The student news site of Midlothian Heritage High School

The Roar

The student news site of Midlothian Heritage High School

The Roar

The student news site of Midlothian Heritage High School

The Roar

Fearsome Freshmen

The Best First-Year Women’s College Basketball Players So Far
So far in this years womens collegiate basketball season, many of the freshmen are performing like seasoned veterans. First year players such as Notre Dames Hannah Hidalgo and South Carolinas MiLaysia Fulwiley have dazzled in their first few games. -Made in Canva
So far in this year’s women’s collegiate basketball season, many of the freshmen are performing like seasoned veterans. First year players such as Notre Dame’s Hannah Hidalgo and South Carolina’s MiLaysia Fulwiley have dazzled in their first few games. -Made in Canva

The transition from high school basketball to college basketball is a huge step in a player’s journey. Many college freshmen struggle to adjust to the fast pace and physicality that is a staple of collegiate level basketball. However, over the first two weeks of the 2023-24 women’s college basketball season, there have been some freshmen who made that transition with ease. So, I’m going to rank who I thought were the top five most impactful freshmen from the first two weeks of play.

5) Nunu Agara – Stanford
Stanford came into this season ranked No. 15 in the AP preseason polls after losing guard and centerpiece Haley Jones to the WNBA draft. Nunu Agara was ranked No. 37 in the ESPN top 100 Recruiting Rankings, and was a part of a Stanford group that consisted of two other top 100 recruits in No. 10 ranked Courtney Ogden and No. 39 ranked Chloe Clardy. But Agara has been Stanford’s best freshman by a wide margin so far, averaging 10.5 points in 20 minutes a game through four games. She is also shooting a scorching 50% from behind the arc and 93% from the free-throw line.

When I watch Agara play, I don’t feel like I’m watching freshman. Her physicality and strong build as a 6-foot-2 forward allows her to go head-to-head with players much older and more experienced than she is. She has played a big part in helping Stanford achieve a 4-0 record and climb to No. 4 in the AP polls. I have been watching Agara play since her days at Hopkins High School alongside phenom Paige Bueckers, so I’m not surprised to see that she is already playing at such a high level in her first year. I can’t wait to see how she progresses throughout her college career.

4) Mikayla Williams – LSU
As the No. 2 ranked player in the ESPN top 100 Recruiting Ranking, Mikayla Williams had some pretty big expectations on her shoulders before she even stepped foot on a college basketball court. LSU also added more offensive firepower to their already stacked roster with transfers Aneesah Morrow and Hailey Van Lith, so I was interested to see how Williams would fit into LSU’s rotation. But she has had no problems finding her place on the offensive end so far, averaging 19.2 points per game while shooting 56.7% from three and 90% from the free-throw line. She also put on a spectacular 42-point performance against Kent State.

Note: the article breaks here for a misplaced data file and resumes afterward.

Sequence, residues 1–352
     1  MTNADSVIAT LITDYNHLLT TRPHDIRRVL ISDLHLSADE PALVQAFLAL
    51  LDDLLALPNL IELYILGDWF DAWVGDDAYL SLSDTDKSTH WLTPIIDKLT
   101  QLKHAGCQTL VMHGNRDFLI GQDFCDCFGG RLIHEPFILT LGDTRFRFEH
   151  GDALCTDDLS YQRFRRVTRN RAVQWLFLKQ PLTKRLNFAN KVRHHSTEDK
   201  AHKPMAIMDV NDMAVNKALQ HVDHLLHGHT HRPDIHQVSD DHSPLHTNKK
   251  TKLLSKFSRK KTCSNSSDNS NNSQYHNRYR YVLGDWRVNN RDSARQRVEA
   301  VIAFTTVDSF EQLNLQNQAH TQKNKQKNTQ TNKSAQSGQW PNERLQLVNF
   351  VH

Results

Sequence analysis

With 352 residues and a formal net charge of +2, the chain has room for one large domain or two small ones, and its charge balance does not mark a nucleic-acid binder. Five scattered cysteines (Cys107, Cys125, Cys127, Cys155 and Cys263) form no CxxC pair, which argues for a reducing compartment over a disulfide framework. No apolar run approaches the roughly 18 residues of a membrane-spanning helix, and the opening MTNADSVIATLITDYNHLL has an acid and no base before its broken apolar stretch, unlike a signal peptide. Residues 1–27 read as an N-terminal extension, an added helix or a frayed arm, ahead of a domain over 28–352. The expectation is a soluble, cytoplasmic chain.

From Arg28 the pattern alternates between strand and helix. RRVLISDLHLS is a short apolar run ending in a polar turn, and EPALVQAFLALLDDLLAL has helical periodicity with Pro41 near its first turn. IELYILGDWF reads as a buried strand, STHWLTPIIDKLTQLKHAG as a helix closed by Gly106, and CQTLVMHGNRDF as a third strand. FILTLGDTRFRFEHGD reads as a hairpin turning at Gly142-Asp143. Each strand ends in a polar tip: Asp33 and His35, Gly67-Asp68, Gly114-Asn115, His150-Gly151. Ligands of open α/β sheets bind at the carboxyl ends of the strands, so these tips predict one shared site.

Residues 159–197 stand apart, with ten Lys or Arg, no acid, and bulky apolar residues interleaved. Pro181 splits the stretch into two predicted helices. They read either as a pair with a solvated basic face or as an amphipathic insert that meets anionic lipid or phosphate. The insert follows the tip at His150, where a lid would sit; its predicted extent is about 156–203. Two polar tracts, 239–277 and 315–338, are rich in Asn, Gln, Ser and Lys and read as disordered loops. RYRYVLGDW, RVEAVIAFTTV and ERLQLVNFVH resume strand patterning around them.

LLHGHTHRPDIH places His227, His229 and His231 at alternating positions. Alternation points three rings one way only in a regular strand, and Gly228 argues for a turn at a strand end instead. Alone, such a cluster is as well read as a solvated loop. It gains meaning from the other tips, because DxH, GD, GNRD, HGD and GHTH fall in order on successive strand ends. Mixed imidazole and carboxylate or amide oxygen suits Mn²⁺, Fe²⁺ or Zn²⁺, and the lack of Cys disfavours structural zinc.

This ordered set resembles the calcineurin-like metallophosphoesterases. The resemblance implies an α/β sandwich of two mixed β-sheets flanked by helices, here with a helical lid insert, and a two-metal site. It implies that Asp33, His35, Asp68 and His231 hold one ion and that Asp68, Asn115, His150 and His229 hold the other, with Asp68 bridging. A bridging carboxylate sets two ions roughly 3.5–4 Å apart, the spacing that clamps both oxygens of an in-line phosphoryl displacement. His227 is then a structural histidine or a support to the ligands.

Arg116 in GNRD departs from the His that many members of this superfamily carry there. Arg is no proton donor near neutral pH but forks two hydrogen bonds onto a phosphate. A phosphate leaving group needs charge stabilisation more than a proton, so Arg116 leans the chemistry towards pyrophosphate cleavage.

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Williams does have a bit of a learning curve to adjust to on the defensive side, namely the perimeter touch rules that are present at the Division I level, but she has plenty of time to figure that out. So far, her offensive instincts have been the most impressive part of her game, and although the defending champs LSU lost their No. 1 ranking in the very first week of play after being upset by Colorado, Williams has a very bright future and is going to be a contributor for LSU for years to come.

3) JuJu Watkins – USC
The only player that had more pressure on them to perform than Mikayla Williams, was the No. 1 ranked recruit JuJu Watkins. Watkins caught the attention of many when she transferred to Sierra Canyon High School to play her junior and senior seasons. Sierra Canyon has been a premier high school basketball powerhouse for years, so I was really excited to see her join such an elite program. Watkins plays with a swagger and smoothness that is like no other player I have ever seen, and she definitely brought that attitude with her to USC. Through four games, Watkins is averaging an astounding 25 points in 31 minutes a game, while shooting 50% from three. Watkins scored 32 points to help USC upset No. 7 ranked Ohio State in her very first game as a Trojan.